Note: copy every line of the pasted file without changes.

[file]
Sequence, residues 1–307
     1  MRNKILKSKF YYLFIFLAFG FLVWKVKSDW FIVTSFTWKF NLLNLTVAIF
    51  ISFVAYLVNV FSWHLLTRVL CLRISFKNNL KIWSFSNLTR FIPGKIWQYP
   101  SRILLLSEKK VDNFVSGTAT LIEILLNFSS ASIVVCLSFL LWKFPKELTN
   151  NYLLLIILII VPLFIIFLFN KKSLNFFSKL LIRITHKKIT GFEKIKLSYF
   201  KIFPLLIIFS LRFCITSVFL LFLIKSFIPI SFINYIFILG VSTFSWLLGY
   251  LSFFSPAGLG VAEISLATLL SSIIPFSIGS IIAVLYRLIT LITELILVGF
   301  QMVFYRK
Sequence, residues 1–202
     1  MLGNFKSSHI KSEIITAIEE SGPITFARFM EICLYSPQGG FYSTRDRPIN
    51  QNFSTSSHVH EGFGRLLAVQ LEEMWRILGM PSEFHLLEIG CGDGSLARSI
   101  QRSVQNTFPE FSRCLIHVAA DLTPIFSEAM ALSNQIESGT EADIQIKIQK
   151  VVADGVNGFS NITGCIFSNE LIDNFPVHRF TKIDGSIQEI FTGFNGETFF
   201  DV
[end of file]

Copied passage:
Sequence, residues 1–307
     1  MRNKILKSKF YYLFIFLAFG FLVWKVKSDW FIVTSFTWKF NLLNLTVAIF
    51  ISFVAYLVNV FSWHLLTRVL CLRISFKNNL KIWSFSNLTR FIPGKIWQYP
   101  SRILLLSEKK VDNFVSGTAT LIEILLNFSS ASIVVCLSFL LWKFPKELTN
   151  NYLLLIILII VPLFIIFLFN KKSLNFFSKL LIRITHKKIT GFEKIKLSYF
   201  KIFPLLIIFS LRFCITSVFL LFLIKSFIPI SFINYIFILG VSTFSWLLGY
   251  LSFFSPAGLG VAEISLATLL SSIIPFSIGS IIAVLYRLIT LITELILVGF
   301  QMVFYRK
Sequence, residues 1–202
     1  MLGNFKSSHI KSEIITAIEE SGPITFARFM EICLYSPQGG FYSTRDRPIN
    51  QNFSTSSHVH EGFGRLLAVQ LEEMWRILGM PSEFHLLEIG CGDGSLARSI
   101  QRSVQNTFPE FSRCLIHVAA DLTPIFSEAM ALSNQIESGT EADIQIKIQK
   151  VVADGVNGFS NITGCIFSNE LIDNFPVHRF TKIDGSIQEI FTGFNGETFF
   201  DV